The answer? Yep. If you’re trying to keep those pearly whites healthy.
The American Dental Association (ADA) recommends changing your brush every three to four months. To follow that standard, we automatically send out a new brush to MABLE Club members once a year with quartly email reminders to switch out your brush.
Since we’re all about options and customization, members can actually change the frequency of delivery any time. But here’s why you might want to stick with the ADA’s recommendation of a new brush every three to four months:
The bristles, typically made of nylon, eventually start to wear down. As they bend, fray, and thin out, they become less effective at cleaning your teeth. Not only can they no longer scrub as well, but as the bristles change shape, they become unable to reach the spaces they were designed to reach. Meaning your gum line might not be getting cleaned like it should, and allowing plaque to build up.
Plaque buildup is responsible for many oral woes: cavities, gum inflammation, gingivitis, periodontal disease, and even tooth loss.
Soft and hard bristles should wear at about the same rate, but if you are a more aggressive brusher (like kids often are), you may actually need to change your brush more often than every three months.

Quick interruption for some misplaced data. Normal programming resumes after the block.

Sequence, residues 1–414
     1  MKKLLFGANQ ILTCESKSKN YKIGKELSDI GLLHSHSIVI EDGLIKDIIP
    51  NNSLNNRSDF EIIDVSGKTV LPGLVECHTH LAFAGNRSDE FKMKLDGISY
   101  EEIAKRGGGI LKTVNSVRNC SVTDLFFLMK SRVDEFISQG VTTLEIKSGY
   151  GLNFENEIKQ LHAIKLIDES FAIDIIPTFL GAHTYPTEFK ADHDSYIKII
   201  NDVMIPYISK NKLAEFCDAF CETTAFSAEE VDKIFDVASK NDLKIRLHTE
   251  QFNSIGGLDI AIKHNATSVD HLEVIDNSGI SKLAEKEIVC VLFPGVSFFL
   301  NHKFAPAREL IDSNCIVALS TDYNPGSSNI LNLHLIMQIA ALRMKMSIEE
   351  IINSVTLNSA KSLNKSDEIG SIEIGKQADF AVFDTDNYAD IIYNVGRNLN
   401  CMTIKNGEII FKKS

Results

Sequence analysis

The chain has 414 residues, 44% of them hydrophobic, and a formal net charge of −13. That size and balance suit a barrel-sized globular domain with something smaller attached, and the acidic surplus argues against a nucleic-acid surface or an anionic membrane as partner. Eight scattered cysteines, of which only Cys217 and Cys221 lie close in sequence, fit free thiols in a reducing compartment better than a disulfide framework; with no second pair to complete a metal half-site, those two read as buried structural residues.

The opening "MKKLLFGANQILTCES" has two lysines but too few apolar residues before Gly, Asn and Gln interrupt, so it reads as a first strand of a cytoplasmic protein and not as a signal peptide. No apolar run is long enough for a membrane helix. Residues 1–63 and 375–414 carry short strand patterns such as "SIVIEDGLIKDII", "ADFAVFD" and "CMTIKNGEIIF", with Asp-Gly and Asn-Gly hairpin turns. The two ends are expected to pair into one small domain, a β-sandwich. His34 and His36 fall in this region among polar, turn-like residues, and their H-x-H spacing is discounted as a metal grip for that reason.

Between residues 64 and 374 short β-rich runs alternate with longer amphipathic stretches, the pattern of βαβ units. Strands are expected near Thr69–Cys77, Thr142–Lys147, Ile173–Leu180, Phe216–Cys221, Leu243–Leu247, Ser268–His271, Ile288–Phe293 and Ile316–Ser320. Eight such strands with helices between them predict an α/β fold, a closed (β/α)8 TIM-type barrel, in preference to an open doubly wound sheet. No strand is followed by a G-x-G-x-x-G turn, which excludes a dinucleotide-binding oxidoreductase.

All that bacteria that gets cleaned from your mouth when you brush has to go somewhere. While a lot of it gets rinsed down the sink, some of it does linger on your toothbrush. Over time, it accumulates. Some of it comes from the environment, too—not just your mouth.
And where there’s bacterial build-up, there’s risk of infections. Not the kind of thing you want to keep putting in your mouth!
Bacteria buildup on a toothbrush might be more troublesome for people with compromised immune systems, or low resistance to infection due to illness or treatments. While our bodies are built with various bacteria-fighting mechanisms, it’s a good idea to prevent needing to use them, when we can.
Look to nature for help, too: bamboo has natural antibacterial properties that make it a great material for personal hygiene products.
Disinfecting methods don’t really work. There’s no conclusive evidence to support any positive or negative impact of using commercial toothbrush cleaners. Running them through the dishwasher or boiling them can damage the bristles, rendering them less effective (even if it kills some of the bacteria).
No commercial cleaners have been shown to actually sterilize a brush—meaning some of the bacteria still remains. So if you’re spending money on a cleaner in an attempt to increase the life of your brush, you’re really better off spending that money on a new one!